1997: The Black Church National Day of Prayer for the Healing of AIDS is expanded to The Black Church Week of Prayer for the Healing of AIDS with endorsements from the leadership of more than 17 National Black Church Denominations.

1997: The Black Church Week of Prayer for the Healing of AIDS is recognized by the CDC and replicated in partnership with organizations located in Nashville, TN; Richmond, VA; Oakland, CA; Atlanta, GA; Kansas City, MO. This replication network grew to over 77 partnering organizations throughout the US.

1997: The Balm In Gilead publishes Though I Stand At The Door And Knock: Discussions on the Black Church Struggle With Homosexuality & AIDS

1998: The Balm In Gilead host The Black Church Speaks! AIDS: A National Emergency in the African American Community gathers some of the nation’s most influential Black religious leaders to speak out on AIDS at the Historical Mother AME Zion Church in Harlem. Religious leaders included: Bishop T. D. Jakes; Rev. Dr. Robert M. Franklin; Dr. Dennis Dickerson; Rev. Canon Frederick B. Williams; Rev. Dr. James A. Forbes, Jr.; Rev. Dr. Johnnie Colemon.



2000: The Black Church HIV/AIDS Institute is held at Tuskegee University and is recognized as a definitive national training forum for African American clergy on HIV/AIDS.

2000: From Harlem to Soweto (South Africa) The Balm In Gilead’s first global effort to connect the African and African American communities’ fight against HIV/AIDS, through a LIVE joint-simulcast of two worship services. Harlem and Soweto’s congregation connected to raise awareness of HIV/AIDS on two different continents.

2000: Our Church Lights the Way: The Black Church HIV Testing Campaign is launched resulting in over 300% increase in faith-based HIV testing and increased care services. The first HIV/AIDS awareness and testing social marketing campaign targeting African Americans.

2000: The Balm In Gilead expands its mission to six African countries and launches its Africa HIV/AIDS Faith Initiative in Cote d’ Ivorie, Nigeria, Kenya, Tanzania and Zimbabwe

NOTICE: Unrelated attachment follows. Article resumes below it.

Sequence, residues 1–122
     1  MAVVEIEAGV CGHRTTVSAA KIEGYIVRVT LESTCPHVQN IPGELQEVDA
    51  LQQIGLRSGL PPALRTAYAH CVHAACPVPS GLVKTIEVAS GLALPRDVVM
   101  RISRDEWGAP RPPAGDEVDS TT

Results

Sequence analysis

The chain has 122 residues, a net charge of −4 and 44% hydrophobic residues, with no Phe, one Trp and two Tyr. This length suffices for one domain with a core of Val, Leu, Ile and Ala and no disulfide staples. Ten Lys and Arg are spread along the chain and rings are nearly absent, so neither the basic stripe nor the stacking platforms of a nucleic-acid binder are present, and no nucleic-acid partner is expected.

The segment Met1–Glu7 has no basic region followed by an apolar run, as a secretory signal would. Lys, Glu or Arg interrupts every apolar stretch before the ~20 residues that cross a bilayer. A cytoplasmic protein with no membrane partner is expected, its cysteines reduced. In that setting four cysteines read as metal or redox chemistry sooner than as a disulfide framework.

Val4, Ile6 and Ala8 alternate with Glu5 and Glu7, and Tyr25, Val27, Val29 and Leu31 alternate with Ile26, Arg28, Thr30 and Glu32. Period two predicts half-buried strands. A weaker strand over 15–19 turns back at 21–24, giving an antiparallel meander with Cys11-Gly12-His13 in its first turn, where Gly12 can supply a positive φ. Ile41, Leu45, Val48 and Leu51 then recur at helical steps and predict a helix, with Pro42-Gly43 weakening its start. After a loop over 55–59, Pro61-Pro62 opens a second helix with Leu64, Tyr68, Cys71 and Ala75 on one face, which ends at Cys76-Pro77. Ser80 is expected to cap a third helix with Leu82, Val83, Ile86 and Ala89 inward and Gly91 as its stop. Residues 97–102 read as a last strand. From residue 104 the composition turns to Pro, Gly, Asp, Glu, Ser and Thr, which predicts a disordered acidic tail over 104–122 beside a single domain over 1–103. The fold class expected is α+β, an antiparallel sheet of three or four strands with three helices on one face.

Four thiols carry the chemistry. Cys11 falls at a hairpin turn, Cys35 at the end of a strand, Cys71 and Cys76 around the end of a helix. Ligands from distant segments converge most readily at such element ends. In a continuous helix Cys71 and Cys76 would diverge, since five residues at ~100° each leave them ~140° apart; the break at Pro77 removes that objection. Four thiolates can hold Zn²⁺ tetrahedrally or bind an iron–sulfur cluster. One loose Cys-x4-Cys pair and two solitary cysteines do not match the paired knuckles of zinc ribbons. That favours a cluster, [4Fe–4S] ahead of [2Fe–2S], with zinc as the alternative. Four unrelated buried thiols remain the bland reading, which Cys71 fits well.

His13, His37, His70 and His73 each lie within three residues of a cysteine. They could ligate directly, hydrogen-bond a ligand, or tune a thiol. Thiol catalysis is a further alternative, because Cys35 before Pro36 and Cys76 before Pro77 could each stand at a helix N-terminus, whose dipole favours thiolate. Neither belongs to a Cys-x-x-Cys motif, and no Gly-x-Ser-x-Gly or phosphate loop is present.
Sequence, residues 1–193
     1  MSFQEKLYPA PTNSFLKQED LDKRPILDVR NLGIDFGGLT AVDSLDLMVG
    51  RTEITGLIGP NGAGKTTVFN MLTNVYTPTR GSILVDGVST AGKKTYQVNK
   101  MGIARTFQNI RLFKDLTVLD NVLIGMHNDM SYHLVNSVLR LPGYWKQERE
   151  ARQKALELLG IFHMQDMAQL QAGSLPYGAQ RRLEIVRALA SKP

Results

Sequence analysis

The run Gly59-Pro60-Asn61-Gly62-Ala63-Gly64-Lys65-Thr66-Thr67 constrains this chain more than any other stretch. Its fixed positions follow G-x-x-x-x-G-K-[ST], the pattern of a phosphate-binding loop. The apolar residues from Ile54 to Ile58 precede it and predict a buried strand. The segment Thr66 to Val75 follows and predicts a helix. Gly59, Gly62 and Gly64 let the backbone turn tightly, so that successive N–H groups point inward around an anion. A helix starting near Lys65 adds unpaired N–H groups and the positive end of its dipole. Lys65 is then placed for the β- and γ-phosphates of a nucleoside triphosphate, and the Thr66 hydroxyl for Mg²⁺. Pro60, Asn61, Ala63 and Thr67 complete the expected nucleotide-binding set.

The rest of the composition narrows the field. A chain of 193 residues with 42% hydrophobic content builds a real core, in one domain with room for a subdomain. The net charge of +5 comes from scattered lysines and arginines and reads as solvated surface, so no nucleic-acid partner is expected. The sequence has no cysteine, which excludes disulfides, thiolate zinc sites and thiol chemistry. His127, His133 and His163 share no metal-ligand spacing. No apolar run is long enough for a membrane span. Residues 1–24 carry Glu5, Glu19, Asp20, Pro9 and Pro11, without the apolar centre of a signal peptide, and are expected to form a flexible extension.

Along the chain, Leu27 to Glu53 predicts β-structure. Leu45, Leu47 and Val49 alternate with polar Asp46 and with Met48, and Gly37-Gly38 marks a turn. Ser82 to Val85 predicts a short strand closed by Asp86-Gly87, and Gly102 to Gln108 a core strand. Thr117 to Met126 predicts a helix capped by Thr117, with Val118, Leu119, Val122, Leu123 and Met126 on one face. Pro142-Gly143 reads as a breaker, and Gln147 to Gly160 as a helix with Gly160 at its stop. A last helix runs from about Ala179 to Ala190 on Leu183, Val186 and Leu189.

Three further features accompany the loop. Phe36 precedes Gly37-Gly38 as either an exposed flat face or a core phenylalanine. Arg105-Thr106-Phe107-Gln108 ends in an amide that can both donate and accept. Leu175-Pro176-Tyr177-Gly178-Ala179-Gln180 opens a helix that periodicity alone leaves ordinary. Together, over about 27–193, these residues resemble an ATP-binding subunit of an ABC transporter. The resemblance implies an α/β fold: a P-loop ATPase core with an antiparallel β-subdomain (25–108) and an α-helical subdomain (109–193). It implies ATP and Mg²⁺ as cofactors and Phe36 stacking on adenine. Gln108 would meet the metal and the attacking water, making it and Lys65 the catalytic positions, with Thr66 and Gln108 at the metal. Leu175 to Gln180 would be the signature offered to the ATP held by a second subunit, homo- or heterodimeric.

2003: The Balm In Gilead’s Faith Based HIV Community Mobilization model is recognized by both the US Centers for Disease Control and the President Emergency Plan for AIDS Relief (PEPFAR). The model is translated to other disease state awareness campaigns.

2003: The Balm In Gilead host faith leaders from the national headquarters of Catholic, Protestant and Muslim organizations from six African countries for its Africa HIV/AIDS Faith Initiative Six-Week Training Institute in New York City.

2003: Legendary Singer Nancy Wilson presents A Holiday Evening at the Waldorf, a benefit performance for The Balm In Gilead.

2005: The Balm In Gilead establishes the Tanzania Interfaith Partnership, forging a collaboration with the three national religious organizations to fight AIDS in Tanzania. The religious organizations were: TEC (Tanzania Episcopal Conference), CCT (Christian Council of Tanzania) and BAKWATA (Muslim Counsel of Tanzania) as well as, the Office of the Mutfi of Zanzibar.

2005: Launched the African American Denominational Leadership Health Initiative, a partnership between the Balm In Gilead and the National Women’s Missionary Societies of three historical Black church denominations: The African Methodist Episcopal Church (AME); The African Methodist Episcopal Zion Church (CME).

2005: The Balm In Gilead establishes and incorporates The Balm In Gilead – Tanzania, as its international headquarters in Dar es Salam, Tanzania.

2006: The Balm In Gilead moves its headquarters from New York, NY to Richmond, VA.

2006: The Balm In Gilead publishes The Black Church Speaks! A collection of Historical Sermons on HIV/AIDS by African American preachers.

2006: Founder/CEO, Pernessa Seele, becomes a TIME 100 recipient and featured on the Cover of TIME Magazine as One of the Most Influential Persons in the World